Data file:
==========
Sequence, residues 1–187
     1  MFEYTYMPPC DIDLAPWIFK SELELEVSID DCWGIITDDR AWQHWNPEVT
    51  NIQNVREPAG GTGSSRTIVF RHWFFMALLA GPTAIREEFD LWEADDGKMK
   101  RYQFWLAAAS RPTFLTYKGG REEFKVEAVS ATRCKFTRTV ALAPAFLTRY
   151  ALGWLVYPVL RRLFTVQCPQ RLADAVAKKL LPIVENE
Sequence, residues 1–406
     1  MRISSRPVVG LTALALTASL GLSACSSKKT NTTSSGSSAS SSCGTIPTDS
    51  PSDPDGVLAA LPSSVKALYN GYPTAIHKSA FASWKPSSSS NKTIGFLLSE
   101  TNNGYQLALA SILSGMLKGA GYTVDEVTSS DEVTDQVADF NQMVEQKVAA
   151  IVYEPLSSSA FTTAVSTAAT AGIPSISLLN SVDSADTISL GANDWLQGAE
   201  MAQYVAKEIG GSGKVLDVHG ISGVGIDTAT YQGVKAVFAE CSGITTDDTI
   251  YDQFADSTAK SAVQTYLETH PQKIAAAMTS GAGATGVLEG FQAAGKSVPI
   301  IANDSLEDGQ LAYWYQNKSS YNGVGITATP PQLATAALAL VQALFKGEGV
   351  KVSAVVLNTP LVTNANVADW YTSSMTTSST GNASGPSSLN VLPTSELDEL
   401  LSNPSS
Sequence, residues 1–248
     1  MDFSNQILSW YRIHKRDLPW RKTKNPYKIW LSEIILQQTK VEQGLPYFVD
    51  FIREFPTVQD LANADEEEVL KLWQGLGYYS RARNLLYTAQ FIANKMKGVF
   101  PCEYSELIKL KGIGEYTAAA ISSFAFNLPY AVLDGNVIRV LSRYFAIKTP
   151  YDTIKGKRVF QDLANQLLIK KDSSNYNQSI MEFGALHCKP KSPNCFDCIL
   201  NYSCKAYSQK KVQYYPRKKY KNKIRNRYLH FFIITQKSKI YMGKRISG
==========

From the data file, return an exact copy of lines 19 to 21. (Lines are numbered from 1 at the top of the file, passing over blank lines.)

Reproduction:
   101  PCEYSELIKL KGIGEYTAAA ISSFAFNLPY AVLDGNVIRV LSRYFAIKTP
   151  YDTIKGKRVF QDLANQLLIK KDSSNYNQSI MEFGALHCKP KSPNCFDCIL
   201  NYSCKAYSQK KVQYYPRKKY KNKIRNRYLH FFIITQKSKI YMGKRISG